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Lydia Shaw is on the final leg of an 11-month worldwide mission.
The 24-year-old was a teacher at Rineyville Elementary School before leaving for her adventure in July of 2012.
“I got involved with the World Race when I started feeling God calling me to go and spread his name around December 2011,” she said.
She searched online for short-term mission trips, but after reading about the World Race, she was hooked.
“It was far from short-term, but I knew that it was exactly where God wanted me,” she said.
The World Race is a ministry of Adventures in Missions. Missionaries participate in a variety of ministries in 11 different countries, spending a month in each country.
In July 2012, she left from Washington, D.C., to minister in her first country, Ireland. Since, she’s been to Ukraine, Moldova, Kenya, Tanzania, Mozambique, Nepal, India, Thailand and Malaysia and will finish her journey in Cambodia next month.
“Packing was definitely a challenge,” she said.
To get a handle on what to bring, she read blogs from previous racers that included detailed suggestions.
“Ultimately, you have one big backpack, one little backpack, a tent and a sleeping bag,” she said. “So, you make it work.”
Shaw’s friend Jenna Colson was at first surprised Shaw was taking this trip, but she knew she was looking for that kind of experience.
Colson described her friend as a selfless and enthusiastic person.
“She is full of spunk and her smile can light up a room,” Colson said.
Some of Shaw’s experiences have been meaningful, some have been funny and some are experiences she won’t miss.
“I have certainly had days when the simple thought of eating rice has made me gag,” she said.
Because rice is a staple around the world, it’s been a big part of her diet on the trip.
“Ugali is probably my least favorite food I have eaten on the race,” she said. “It is a cornmeal and water mixture that is served as a starch or filler with many African dishes. It can be made many different ways, but the vast majority of them are not the slightest bit enjoyable.”
In addition to an American meal, she’s looking forward to a hot shower and comfortable bed when she gets home. But more than that, she can’t wait to hug family and friends she hasn’t seen in almost a year.
This trip is the longest her mom, D. Dee Shaw, has gone without seeing her, she said. At first, she was opposed to her daughter going on the journey.
“I could not imagine my sheltered daughter being able to handle the rigors and physical challenges that the World Race requires,” her mom said. “Lydia has not only met these challenges, she has blossomed and grown as a result of them.”
She has become a mature young woman, strong in her faith and fearless in witnessing while trying to make a difference in the world, D. Dee said.
In March, she joined her daughter in Thailand when parents were invited to join the journey for a week. She was able to help in ministries with children in the slums of Chiang Maiand and women in the sex trade.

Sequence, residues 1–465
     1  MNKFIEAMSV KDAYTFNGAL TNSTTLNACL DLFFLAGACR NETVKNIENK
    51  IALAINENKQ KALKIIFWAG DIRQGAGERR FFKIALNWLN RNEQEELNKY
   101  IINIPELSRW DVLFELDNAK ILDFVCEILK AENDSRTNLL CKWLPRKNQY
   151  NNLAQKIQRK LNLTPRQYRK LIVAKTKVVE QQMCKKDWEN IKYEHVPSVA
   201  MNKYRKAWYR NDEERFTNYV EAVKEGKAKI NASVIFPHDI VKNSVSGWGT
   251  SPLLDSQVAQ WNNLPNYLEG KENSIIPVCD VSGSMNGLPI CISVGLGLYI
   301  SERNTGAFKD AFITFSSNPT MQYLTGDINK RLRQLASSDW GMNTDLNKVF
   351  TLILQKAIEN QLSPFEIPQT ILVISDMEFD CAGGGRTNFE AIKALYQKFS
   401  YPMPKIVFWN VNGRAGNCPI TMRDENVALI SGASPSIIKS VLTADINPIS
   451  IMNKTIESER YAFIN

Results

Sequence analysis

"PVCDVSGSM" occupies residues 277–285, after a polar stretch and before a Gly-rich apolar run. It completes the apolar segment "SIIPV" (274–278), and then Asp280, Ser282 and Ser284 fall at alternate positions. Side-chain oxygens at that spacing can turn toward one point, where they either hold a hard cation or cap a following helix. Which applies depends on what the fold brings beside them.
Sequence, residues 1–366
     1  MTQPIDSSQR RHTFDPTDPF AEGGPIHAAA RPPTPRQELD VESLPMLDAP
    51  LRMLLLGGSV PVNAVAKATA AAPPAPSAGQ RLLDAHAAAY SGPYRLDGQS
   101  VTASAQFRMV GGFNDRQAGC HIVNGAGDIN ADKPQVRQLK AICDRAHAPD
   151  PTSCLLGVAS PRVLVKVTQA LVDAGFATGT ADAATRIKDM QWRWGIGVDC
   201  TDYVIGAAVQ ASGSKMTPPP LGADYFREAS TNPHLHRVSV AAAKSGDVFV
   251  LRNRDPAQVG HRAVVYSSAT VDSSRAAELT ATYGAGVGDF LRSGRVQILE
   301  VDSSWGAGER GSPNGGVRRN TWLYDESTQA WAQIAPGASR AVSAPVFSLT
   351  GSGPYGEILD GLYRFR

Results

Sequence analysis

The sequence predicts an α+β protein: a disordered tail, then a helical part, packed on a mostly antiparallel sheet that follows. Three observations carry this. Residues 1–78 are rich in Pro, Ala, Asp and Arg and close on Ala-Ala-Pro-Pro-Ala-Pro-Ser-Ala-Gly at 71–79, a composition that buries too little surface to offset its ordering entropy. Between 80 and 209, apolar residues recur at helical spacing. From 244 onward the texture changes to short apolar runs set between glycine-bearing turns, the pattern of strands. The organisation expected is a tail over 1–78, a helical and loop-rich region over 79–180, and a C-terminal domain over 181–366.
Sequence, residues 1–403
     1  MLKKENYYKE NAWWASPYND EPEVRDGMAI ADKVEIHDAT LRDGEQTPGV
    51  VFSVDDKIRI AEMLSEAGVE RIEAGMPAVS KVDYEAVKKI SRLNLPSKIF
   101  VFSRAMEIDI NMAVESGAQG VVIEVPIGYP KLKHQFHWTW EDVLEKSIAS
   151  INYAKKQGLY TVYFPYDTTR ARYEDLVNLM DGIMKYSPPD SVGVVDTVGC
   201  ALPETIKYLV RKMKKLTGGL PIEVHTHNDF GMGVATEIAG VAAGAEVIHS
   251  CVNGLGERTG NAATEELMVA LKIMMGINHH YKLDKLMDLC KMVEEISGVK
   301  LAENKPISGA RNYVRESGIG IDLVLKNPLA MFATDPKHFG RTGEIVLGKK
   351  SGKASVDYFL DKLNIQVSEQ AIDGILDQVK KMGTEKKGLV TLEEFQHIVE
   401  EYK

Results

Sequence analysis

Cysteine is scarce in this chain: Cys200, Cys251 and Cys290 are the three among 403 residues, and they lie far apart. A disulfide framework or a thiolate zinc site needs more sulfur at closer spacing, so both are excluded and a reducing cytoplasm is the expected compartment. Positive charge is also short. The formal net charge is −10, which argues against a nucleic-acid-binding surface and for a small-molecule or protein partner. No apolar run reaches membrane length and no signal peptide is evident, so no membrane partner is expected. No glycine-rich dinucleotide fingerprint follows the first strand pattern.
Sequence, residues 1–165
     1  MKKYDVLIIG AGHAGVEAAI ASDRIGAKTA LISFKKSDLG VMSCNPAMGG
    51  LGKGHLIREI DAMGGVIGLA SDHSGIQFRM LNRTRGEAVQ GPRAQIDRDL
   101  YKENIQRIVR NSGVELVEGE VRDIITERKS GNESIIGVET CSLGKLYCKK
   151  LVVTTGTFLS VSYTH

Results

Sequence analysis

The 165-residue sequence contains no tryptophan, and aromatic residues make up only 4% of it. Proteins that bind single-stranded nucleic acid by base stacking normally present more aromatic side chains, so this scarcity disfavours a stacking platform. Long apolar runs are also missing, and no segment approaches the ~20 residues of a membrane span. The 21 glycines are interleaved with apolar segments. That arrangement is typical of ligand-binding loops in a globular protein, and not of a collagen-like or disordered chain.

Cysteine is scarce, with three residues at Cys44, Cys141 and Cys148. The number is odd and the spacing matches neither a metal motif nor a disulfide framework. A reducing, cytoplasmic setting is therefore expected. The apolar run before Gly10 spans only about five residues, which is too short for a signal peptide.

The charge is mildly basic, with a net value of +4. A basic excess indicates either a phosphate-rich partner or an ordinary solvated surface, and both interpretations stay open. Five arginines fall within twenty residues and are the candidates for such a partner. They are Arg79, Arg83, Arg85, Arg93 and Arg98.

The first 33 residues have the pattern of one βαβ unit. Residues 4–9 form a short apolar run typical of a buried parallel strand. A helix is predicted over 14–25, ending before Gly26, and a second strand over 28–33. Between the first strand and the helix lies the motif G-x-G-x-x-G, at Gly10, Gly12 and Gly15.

One of those ministries was Remember Nhu, which works to prevent child sex slavery by providing at-risk children basic needs and education and teaching them about Christianity.
“These girls are raised as productive Thai citizens in non-sexual jobs,” D. Dee said.
Shaw will remember the little things about her 11-month journey and the friends she made despite language barriers.
“I’ll always remember sitting in the kitchen and making dinner with our ‘mama’ in India,” she said.
She’ll also remember the way she felt in Nepal.
“The unexplainable feeling that I was home, even though I had never been there before,” she said.
She received more than 20 marriage proposals, but joked that only three of them were serious.
“In Africa, being an American meant that I had a lot of money, so I was a hot commodity,” she joked. “Our pastor in India also wanted to arrange my marriage to a man from his country. I politely declined all of the offers.”
Through the people around the world, she’s learned everyone “desires to be deeply and completely loved.”
“From the men in the pubs in Ireland to the children living on the streets in Africa, to the prostitutes in the bars in Thailand, they are all searching for someone who will love them for who they are,” Shaw said.
That’s the beauty of her trip, she said.
“I get to meet these people and love them as Jesus does,” she said. “I get to be their friend and show them that they matter, to help them understand that I love and accept them because Jesus did first.”
The trip has taught her a few things about herself, too.
Shaw spent three months sleeping in a tent when she thought she hated camping and tried — and sometimes enjoyed — different foods when she thought she was a picky eater.
She has slept on buses, trains, airplanes, concrete floors and grass and among spiders, snakes, scorpions, large rats and loud snorers.
“I have slept in places so hot that I woke up every morning drenched in sweat and places where it was so cold that I went to bed wearing every piece of clothing I owned,” she said. “The World Race lifestyle is not one that I would choose to live in forever, but it has been encouraging to know that I have been able to persevere through it all.”
Becca Owsley can be reached at (270) 505-1741 or firstname.lastname@example.org.
Getting to know Lydia Shaw